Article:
WASHINGTON – RAE Systems Inc., a publicly-traded U.S. corporation headquartered in San Jose, Calif., has entered into an agreement with the Department of Justice to pay a $1.7 million penalty for violations of the Foreign Corrupt Practices Act (FCPA), announced Assistant Attorney General Lanny A. Breuer for the Criminal Division and U.S. Attorney Melinda Haag for the Northern District of California.
According to information contained in the non-prosecution agreement, RAE Systems developed and manufactured rapidly deployable, multi-sensor chemical and radiation detection monitors and networks. From 2005 to 2008, the company had significant operations in the People’s Republic of China (PRC), and sold its products and services primarily through two subsidiaries organized as joint ventures with local Chinese entities: RAE-KLH (Beijing) Co. Limited (RAE-KLH) and RAE Coal Mine Safety Instruments (Fushun) Co. Ltd. (RAE Fushun). A significant number of RAE-KLH’s and RAE Fushun’s customers were PRC government departments and bureaus, and large state-owned agencies and instrumentalities, including regional fire departments, emergency response departments and entities under the supervision of the provincial environmental agency.
As described in the agreement, RAE Systems accepted responsibility for violating the internal controls and books and records provisions of the FCPA arising from and related to improper benefits corruptly paid by employees of RAE-KLH and RAE Fushun to foreign officials in the PRC. As a result of due diligence conducted by RAE Systems before acquiring the majority of the joint venture that became known as RAE-KLH, RAE Systems was aware of improper commissions, kickbacks and “under table greasing to get deals” by employees. Yet, according to information contained in the agreement, the company chose to implement internal controls only “halfway” so as not to “choke the sales engine and cause a distraction for the sales guys.” As a result, improper payments continued at RAE-KLH. In acquiring the majority of RAE Fushun, RAE Systems did not conduct any pre-acquisition corruption due diligence in spite of a number of red flags. It was later confirmed that corrupt benefits were also being provided by RAE Fushun. In both instances, RAE Systems learned of corrupt practices at RAE-KLH and RAE Fushun and knowingly failed to implement effective systems of internal controls and failed to properly classify the improper payments in its books and records.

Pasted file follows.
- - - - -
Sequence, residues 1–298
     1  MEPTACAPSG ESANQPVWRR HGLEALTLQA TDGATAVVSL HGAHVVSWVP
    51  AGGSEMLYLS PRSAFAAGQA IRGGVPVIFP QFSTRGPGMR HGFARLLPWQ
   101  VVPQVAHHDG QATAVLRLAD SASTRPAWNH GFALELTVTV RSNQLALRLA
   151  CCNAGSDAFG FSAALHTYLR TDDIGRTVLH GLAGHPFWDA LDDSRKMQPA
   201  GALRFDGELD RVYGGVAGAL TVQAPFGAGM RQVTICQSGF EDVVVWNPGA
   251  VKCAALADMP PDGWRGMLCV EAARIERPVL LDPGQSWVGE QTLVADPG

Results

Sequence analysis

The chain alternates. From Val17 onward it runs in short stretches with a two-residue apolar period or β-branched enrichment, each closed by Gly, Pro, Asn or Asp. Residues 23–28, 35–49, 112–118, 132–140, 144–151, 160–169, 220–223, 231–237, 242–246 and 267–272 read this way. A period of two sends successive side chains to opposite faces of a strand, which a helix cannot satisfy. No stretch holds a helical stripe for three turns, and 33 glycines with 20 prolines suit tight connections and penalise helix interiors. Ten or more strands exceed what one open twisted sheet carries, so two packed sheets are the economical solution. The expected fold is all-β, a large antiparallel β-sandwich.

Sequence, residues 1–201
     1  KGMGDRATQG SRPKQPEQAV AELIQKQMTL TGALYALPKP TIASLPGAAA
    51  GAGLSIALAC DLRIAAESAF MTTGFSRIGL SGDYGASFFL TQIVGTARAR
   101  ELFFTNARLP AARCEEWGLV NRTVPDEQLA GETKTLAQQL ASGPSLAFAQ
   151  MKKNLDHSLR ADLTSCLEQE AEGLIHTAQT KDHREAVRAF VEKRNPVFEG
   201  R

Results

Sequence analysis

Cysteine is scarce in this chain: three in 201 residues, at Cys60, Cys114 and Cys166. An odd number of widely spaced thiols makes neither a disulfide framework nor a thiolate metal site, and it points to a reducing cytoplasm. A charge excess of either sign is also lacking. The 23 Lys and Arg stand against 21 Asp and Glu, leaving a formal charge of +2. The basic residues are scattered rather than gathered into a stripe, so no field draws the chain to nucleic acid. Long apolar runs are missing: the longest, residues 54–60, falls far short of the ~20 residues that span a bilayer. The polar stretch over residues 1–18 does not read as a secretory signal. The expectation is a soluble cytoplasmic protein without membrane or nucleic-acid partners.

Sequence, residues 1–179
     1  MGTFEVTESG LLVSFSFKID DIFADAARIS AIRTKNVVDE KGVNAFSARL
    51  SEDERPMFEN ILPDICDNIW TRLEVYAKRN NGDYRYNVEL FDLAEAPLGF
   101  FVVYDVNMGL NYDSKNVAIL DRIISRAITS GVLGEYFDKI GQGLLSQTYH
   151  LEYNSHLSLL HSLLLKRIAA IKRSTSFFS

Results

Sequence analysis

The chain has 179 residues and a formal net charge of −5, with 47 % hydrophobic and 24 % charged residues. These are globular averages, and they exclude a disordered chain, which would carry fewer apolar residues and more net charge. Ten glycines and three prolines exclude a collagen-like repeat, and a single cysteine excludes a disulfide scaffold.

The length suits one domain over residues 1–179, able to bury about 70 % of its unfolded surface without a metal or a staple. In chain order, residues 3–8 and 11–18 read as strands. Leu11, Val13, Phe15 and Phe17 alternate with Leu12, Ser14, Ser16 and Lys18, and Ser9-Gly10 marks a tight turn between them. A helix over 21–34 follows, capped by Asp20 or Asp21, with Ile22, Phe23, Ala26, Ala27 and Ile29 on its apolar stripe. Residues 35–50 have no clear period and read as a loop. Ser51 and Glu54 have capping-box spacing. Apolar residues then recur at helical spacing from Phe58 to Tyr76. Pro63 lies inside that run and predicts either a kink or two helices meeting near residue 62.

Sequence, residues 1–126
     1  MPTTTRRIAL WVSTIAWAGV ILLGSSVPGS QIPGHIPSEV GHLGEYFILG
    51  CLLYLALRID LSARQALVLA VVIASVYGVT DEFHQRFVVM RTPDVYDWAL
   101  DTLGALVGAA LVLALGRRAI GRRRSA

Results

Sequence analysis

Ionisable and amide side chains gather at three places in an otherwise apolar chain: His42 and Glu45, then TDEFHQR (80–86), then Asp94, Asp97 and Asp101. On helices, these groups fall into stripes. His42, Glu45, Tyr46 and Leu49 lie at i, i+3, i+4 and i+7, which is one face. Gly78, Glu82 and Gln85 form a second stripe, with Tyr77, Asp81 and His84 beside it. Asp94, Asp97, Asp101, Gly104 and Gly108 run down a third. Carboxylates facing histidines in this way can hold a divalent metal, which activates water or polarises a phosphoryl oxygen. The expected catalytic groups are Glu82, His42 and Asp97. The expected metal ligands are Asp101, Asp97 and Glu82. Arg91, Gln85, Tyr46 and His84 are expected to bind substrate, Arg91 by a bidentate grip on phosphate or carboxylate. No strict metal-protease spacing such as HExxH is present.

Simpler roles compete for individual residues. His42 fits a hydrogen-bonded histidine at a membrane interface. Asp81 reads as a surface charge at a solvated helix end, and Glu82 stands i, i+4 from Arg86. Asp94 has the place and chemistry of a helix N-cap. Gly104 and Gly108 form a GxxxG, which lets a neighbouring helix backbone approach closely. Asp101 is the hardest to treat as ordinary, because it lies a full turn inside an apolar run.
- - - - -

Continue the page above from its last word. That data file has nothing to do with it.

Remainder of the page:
According to the agreement, RAE Systems voluntarily disclosed this conduct to the department, conducted a thorough and credible internal investigation, and undertook extensive remediation. In reaching this agreement, the department applied the Principles of Federal Prosecution of Business Organizations, including consideration of the corporation’s timely and voluntary disclosure of wrongdoing, its willingness to cooperate in the investigation of its agents and the corporation’s remedial actions.
As outlined in the agreement, RAE Systems agreed to fully cooperate with investigations by law enforcement authorities of the company’s corrupt payments, to adhere to a set of enhanced corporate compliance and reporting obligations, and to submit periodic reports to the department regarding RAE Systems’ compliance with its obligations under the agreement.
FCPA enforcement action documents can be found at www.justice.gov/criminal/fraud/fcpa.
In a related matter, RAE Systems reached a settlement with the U.S. Securities and Exchange Commission (SEC) filed today in which RAE consented to the entry of a permanent injunction against FCPA violations and agreed to pay $1,147,800 in disgorgement and $109,212 in prejudgment interest. RAE also agreed to comply with certain undertakings regarding its FCPA compliance program.
The case is being prosecuted by Deputy Chief Charles E. Duross of the Fraud Section, and Assistant U.S. Attorneys Adam A. Reeves and Thomas E. Stevens of the U.S. Attorney’s Office for the Northern District of California. The department acknowledges and expresses its appreciation for the significant assistance provided by the staff of the SEC during the course of this investigation